The Month Of August: A Crisis Month In History For The American Presidency!

Now that we have seen the month of August slip into history, it is worthwhile to look back and notice how significant the month is in Presidential history, how it is often a crisis month!

Examples include:

August 24, 1814–Great Britain invaded and burned the nation’s capitol, Washington, DC during the War of 1812, sending President James Madison and Congress fleeing to nearby Baltimore. This was the only invasion of American territory until Pearl Harbor in 1941.

August 4, 1914–World War I began in full swing, as all of the major European powers had finally declared war a week after the initial declaration. This alarmed President Woodrow Wilson issued a declaration that the United States would remain “neutral in thought, as well as action”, a statement which could not be upheld as the war progressed into a long term stalemate, leading to US entrance in 1917.

August 6 and 9, 1945–Newly inaugurated President Harry Truman, in office less than four months after the sudden death of Franklin D. Roosevelt, unleashes the atomic bomb over Hiroshima and Nagasaki, Japan, leading to the end of World War II.

August 13, 1961–The Soviet Union begins the construction of the Berlin Wall, separating East Berlin from West Berlin, during the first year of the administration of President John F. Kennedy. It will remain a symbol of oppression until its destruction in November 1989.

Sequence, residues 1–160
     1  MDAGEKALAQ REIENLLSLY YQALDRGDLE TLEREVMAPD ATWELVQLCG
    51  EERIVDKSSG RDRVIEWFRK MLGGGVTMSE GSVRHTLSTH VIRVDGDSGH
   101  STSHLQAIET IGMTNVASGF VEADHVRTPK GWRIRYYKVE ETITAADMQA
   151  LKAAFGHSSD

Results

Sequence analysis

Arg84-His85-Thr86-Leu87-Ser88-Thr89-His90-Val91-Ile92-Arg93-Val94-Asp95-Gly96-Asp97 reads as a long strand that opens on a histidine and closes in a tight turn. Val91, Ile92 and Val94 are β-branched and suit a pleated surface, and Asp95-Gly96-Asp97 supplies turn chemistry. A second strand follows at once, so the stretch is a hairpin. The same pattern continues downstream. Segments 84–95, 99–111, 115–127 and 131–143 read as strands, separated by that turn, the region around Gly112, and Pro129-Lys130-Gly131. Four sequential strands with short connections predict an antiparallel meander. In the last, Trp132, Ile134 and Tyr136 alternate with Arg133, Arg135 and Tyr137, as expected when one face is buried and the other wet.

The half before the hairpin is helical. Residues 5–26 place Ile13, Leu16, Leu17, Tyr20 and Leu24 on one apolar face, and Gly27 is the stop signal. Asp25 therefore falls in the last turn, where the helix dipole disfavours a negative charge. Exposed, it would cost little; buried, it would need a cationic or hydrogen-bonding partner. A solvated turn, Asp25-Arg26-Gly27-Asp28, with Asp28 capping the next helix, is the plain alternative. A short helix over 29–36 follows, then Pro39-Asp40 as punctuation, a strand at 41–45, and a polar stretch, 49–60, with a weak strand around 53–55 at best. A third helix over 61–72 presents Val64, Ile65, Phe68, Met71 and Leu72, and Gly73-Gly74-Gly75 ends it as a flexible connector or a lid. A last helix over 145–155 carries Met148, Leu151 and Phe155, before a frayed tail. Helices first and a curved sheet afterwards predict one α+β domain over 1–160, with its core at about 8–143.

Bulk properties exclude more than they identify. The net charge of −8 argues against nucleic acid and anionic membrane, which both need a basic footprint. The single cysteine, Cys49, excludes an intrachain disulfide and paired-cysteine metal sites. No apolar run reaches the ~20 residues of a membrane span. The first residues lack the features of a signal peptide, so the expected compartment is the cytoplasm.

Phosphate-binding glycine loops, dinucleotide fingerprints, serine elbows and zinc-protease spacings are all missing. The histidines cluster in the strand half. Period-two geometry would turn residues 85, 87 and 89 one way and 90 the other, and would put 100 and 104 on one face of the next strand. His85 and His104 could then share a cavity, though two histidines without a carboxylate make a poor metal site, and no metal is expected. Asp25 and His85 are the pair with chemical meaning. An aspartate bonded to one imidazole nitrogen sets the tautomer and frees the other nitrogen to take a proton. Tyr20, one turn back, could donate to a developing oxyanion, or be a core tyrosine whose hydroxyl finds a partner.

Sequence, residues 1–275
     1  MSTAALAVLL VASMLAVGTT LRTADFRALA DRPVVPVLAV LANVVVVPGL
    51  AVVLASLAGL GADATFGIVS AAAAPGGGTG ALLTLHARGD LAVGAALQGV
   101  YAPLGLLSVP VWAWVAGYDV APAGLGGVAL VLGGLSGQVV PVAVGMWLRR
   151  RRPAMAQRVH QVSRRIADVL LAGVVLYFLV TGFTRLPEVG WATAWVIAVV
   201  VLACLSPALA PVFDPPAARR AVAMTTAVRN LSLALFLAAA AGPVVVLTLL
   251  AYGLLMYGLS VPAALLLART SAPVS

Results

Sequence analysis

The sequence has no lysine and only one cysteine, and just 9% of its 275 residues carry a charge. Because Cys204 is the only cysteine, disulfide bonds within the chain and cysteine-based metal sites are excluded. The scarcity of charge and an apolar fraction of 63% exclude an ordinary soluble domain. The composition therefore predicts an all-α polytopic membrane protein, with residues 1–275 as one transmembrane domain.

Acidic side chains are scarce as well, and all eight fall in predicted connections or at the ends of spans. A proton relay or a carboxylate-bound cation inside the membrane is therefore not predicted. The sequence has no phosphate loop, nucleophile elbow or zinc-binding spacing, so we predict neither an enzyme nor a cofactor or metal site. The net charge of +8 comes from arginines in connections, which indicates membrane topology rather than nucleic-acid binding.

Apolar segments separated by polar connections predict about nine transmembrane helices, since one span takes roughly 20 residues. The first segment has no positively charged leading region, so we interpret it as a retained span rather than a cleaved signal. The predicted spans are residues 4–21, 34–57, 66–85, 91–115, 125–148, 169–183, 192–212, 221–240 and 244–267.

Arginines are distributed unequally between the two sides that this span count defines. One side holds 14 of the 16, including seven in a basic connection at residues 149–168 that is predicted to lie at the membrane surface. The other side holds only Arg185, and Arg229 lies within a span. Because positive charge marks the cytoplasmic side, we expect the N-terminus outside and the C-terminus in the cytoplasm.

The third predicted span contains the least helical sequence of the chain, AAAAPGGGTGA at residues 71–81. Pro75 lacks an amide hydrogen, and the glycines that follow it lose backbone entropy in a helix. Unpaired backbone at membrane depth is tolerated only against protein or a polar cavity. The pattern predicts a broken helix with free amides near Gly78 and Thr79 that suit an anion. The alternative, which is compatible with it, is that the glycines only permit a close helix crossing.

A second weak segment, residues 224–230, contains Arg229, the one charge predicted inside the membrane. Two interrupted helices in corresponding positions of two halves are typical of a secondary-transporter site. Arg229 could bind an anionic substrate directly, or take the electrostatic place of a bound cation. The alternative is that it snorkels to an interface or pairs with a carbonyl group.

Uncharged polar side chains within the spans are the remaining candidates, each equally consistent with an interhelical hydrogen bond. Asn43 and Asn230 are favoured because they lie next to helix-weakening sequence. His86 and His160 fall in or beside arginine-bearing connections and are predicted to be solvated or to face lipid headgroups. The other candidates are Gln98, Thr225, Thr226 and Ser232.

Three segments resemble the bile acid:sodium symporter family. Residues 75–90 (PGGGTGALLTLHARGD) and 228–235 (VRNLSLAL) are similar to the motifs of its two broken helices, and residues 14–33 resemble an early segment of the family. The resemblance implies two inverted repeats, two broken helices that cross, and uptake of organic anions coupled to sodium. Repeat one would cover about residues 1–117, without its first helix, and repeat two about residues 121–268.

August 4, 1964–The Tonkin Gulf Incident is reported during the administration of President Lyndon B. Johnson, a supposed attack on US Navy ships in the Gulf of Tonkin by North Vietnamese patrol boats. This led to Johnson’s request of a resolution allowing the use of force to react to the reported aggression, and was the first step in the escalation of the war in Vietnam to a full scale conflict.

August 9, 1974–President Richard Nixon resigned from office, the first President to take such action, due to the “smoking gun” tape that showed his involvement in a coverup of the Watergate scandal. President Gerald Ford succeeded him in office, and later pardoned Nixon from prosecution, allowing Nixon to evade punishment, including being removed from office in an impeachment trial had he stayed in office.

August 2, 1990–Iraq, under Saddam Hussein, invaded its oil rich neighbor, Kuwait, alarming Saudi Arabia and other Arab and oil nations, and led to US involvement, in unison with a United Nations coalition, to force Iraq out of Kuwait, but also putting US troops for the first time in the Middle East, and inciting Muslims who became involved in terrorism through participation with Al Qaeda under the leadership of Osama Bin Laden,

August 2011–President Barack Obama faced the crisis of the Debt Ceiling, which led to a lowering of the credit rating of the United States by Standard and Poor’s and a stock market crisis. Additionally, the Atlantic Coast Earthquake and Hurricane Irene became major crises, along with the final steps toward the removal of Moammar Gaddafi from power in Libya after a five month effort by the US, with backing of NATO allies, the United Nations, and the Arab League.

So there has to be a sign of relief that the ugly month of August has again passed into history!